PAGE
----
Women the invisible heros

Samantha Finkbeiner
2 min readOct 11, 2020

Heroism and by objectivity describes how women can be heroic and still show objectivity while still being “more attached” than men. Orekes touches on the fact that women are viewed as more attached and less objective because of that;

“some recent commentators have gone to considerable lengths to try to demonstrate that there is a female way of doing science, characterized by greater empathy, greater concern for context, or a greater attention to the interconnectedness of natural phenomena- and thus potentially at odds with the norms of science objectivity.”

The ways in which children are raised conditions women to be more attached and men to be detached when it comes to emotions, this leads to a difference in thinking and expectations when it comes to the other sex. Women had, and still have, much different societal expectations; Orekes talks about the cliche of midnight discoveries and how they themselves help to keep women in science invisible.

“Midnight is the hour of uninterrupted work. But if the scientist in the story were a women, with children alone at home, would we still admire her dedication?”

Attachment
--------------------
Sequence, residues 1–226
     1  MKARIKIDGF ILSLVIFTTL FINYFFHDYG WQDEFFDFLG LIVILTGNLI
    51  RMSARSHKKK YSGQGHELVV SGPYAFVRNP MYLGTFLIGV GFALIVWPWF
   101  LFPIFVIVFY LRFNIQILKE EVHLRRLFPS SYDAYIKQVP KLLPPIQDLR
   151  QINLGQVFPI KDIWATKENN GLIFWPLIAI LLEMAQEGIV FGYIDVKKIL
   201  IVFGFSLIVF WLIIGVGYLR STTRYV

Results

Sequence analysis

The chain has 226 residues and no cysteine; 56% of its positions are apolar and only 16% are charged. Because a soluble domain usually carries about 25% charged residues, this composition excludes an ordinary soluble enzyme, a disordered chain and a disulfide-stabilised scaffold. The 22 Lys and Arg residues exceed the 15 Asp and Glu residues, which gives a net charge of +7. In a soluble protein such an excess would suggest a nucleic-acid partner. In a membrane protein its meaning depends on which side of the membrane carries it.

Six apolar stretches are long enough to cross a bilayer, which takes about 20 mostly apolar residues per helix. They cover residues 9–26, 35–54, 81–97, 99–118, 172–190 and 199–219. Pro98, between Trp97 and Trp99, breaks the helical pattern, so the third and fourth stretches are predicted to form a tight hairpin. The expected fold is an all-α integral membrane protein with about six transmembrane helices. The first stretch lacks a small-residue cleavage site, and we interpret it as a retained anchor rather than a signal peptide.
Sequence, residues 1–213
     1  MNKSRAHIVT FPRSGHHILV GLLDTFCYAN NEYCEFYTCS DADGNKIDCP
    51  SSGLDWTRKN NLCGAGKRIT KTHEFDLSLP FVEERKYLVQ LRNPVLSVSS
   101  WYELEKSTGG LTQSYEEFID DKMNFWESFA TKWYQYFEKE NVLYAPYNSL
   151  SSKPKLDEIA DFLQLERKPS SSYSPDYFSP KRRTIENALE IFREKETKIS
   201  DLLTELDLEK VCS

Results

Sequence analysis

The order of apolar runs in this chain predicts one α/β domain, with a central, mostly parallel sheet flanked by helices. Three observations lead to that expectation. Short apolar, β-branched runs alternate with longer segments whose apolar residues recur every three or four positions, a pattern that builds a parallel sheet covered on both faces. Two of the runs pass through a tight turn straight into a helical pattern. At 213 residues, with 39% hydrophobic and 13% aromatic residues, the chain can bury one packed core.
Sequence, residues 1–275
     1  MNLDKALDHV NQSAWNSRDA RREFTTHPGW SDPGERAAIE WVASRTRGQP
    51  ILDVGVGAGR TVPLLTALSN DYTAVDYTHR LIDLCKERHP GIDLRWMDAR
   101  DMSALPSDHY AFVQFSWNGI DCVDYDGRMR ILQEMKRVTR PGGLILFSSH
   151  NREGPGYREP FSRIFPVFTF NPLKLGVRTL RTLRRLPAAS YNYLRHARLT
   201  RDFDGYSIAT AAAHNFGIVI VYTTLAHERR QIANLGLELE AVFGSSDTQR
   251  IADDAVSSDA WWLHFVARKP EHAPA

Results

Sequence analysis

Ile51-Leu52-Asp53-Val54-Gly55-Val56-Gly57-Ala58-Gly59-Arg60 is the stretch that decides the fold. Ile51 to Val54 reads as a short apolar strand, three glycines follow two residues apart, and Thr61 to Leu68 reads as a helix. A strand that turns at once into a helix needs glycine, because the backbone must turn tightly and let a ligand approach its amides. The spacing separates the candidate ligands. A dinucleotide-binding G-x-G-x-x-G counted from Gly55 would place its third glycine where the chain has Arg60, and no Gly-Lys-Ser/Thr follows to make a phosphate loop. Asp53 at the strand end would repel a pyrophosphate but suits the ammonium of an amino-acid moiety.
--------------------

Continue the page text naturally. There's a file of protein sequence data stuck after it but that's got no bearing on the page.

The difference in treatment for men and women in science needs to change in order for more women to be able to get the recognition they deserve. It all comes down to equality for all.

In Hidden Figures one of the most powerful moments to me was when Kathrine Johnson defended herself because she had to walk half a mile to use the restroom because none of the nearby buildings had a bathroom that she could use. She was the only colored person in the room and 1 of the 2 women that were in the room. Kathrine had to fight to get into that room, and once she was there she still had to endure racism and discrimination because she was a black women. In reference to Okeskes’ ideas, Kathrine was brought in right as they were about to take off to check the landing coordinates, showing that she was the hero of the operation. Kathrine used mathematics to objectively look at situations and she never doubted her own abilities. I think that she really exemplifies the kind of Heroism and by Objectivity that Oreske describes.

In the movie I really like when Katherine’s boss went and destroyed the sign by the colored womens bathroom; I was extremely disappointed to learn that it didn’t actually happen. Now knowing that this particular situation was completely made up makes it feel like the movie producers had to make some of the white men in the movies the heros and have them be remembered differently, possibly better, than otherwise. This was a story about strong black women working at NASA helping to get a man into space, and the producers still felt the need to give the white men of that time more credit than they deserve. It’s nice to think about this scene happening back then by these people but it didn’t and that’s the unfortunate truth.

--

--